Rear shock & P0013 code...

Discussion in 'Chevy Captiva Sport Forum (Saturn Vue)' started by Kggr99, Apr 26, 2017.

  1. Kggr99

    Kggr99 Member

    Hi all....

    My 2012 Captiva Sport cruised past 100k with little fanfare, until today.

    Problem #1...
    The first is a simple mechanical issue (I think, I hope).
    Leaving work today, I was walking toward my vehicle and just glanced and the rear suspension of my car. Passenger side, rear shock has a leak (or some sort of fluid is leaking from the housing). It's definitely not brake fluid, and I don't think it is any kind of grease or oil from a wheel bearing. (see below)

    Shock.JPG

    I'm fairly confident it is a simple repair.....and a couple of Monroe shocks.

    Has anyone had a similar failure?

    ~~~~~~~~~~~~~~~~~~~~~~~~~~
    Problem #2...
    The second incident has me a bit more concerned.

    So I'm driving home, thinking about what needed to be done with the shocks, and then the dashboard engine light (far lower right) comes on. I stopped at a local Autozone and they pulled a P0013 code. First, I'd presume their code reader is accurate...and if so, I'm not inclined to simply throw parts at a problem to see if it resolves this issue.

    From what I've read, a P0013 code is a Bank 1 Exhaust Camshaft Position Actuator Circuit (sensor?).

    I've not visually checked (yet) to see if it's a simple unplugged wire (doubtful)....nor have I cleared the code to see if the code returns (ie, a fluke instance).

    Rock Auto has the GM (OEM) part for $37.79 (US). Autozone's part (Dorman) was $50-ish (seems over-priced). From a few YouTube videos, the Captiva's 2.4L Ecotec engine involves removing a couple of shrouds to access the sensor, then a simple bolt to remove it. Seems like a simple "shade tree" mechanic sort of repair....but we all know how this can be deceiving.

    Even found a thread on another forum with directions (and a photo)...
    http://bit.ly/2oyeLPH

    My first question would be, is this covered under GM's emission warranty (I purchased my GM Certified Captiva Sport with 9k)? I haven't asked my local Chevy dealership, but wanted to get everyone's opinion if it is even worth the effort.

    Secondly, has anyone had a similar failure?

    And lastly, is it truly this simple of a repair? Or should other things be investigated first?

    You know an old saying "bad things happen in 3's"....sure do hope I'm lucky.

    Thanks to everyone here (in advance) for their opinion and input!
     
  2. Kggr99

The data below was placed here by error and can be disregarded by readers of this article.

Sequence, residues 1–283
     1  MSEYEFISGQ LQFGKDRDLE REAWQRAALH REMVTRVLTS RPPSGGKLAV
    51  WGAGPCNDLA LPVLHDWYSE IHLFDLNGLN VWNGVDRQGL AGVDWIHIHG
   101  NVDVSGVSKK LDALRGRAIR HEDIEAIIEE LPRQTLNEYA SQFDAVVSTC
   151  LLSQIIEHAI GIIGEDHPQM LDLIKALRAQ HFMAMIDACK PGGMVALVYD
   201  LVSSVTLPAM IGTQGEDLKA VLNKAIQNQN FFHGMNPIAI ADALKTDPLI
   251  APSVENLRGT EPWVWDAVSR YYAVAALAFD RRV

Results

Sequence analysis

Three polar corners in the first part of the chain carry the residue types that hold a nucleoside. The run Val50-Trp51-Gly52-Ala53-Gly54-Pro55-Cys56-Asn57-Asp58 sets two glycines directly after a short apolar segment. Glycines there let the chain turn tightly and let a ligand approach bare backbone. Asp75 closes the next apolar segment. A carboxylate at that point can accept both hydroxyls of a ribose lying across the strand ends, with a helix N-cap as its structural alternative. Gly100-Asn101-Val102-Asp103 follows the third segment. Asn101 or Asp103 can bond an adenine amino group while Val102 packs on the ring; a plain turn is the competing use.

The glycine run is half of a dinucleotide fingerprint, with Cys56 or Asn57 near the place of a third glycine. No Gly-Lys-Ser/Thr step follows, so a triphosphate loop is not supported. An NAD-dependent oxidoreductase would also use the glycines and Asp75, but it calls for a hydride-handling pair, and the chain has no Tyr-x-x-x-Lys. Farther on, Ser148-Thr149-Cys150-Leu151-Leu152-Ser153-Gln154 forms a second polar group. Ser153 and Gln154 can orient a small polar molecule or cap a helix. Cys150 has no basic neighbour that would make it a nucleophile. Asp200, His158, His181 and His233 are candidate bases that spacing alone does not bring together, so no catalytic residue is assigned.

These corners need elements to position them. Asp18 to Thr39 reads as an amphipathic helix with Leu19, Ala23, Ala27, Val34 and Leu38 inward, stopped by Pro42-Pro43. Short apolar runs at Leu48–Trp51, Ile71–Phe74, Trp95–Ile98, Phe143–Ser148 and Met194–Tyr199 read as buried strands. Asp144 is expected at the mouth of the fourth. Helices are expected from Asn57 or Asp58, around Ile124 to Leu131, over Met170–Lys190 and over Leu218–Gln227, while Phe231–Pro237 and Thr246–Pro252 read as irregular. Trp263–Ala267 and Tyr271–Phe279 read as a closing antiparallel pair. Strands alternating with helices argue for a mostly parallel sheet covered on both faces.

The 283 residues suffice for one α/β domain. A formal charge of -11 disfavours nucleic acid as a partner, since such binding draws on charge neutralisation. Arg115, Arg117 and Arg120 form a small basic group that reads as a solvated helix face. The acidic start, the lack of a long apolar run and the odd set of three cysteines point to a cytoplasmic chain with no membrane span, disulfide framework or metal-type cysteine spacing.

Kggr99 Member

    A quick update for everyone.

    While I took my vehicle in for an oil change, I let the dealership "tell me" that I had a problem. I was curious where the conversation would go.

    They pulled the code also (P0013) and actually recommended to not do the repair right away. They recommended (as I was considering doing) that I first allow them to clear the code and see if it returned. I was shocked! I thought they would be "encouraging" me to do a repair on it.

    That said, I did forget to ask to see if this repair would be under an emission warranty....so one could say, they kicked it down the road where if it returned and it was beyond my warranty, I would incur a repair cost. I hope that's not the case.

    So I let them clear the code.....that was last week (one week ago today)....and thus far, the code hasn't returned (fingers crossed for luck).

    Honestly, from what I've read, our 2.4l engines have had this sort of problem for many years. Even saw several YouTube videos on how to replace the part (which seemed pretty easy). So I'm going to ride it out and see if the code returns.

    As for the rear shock issue....
    The dealership didn't see it (or mention it to me). I asked if they did a full inspection (I told them I was planning on a trip). So I'm equally surprised they didn't see what was obvious to me.

    I took it instead to a local repair shop. A new set of Monroe shocks (OESpectrum #37359 @ $31.99 each).....and 1hr of shop labor...and I was out the door in quick fashion. The Monroe shocks have a lifetime warranty....and the repair shop has a 1yr warranty on the labor. Total was just over $160 total...which seemed fair.

    So I'm back to "normal" (whatever that might be) for the time being.
    We'll see if the OBD-II code returns.

    Best wishes to all.
     

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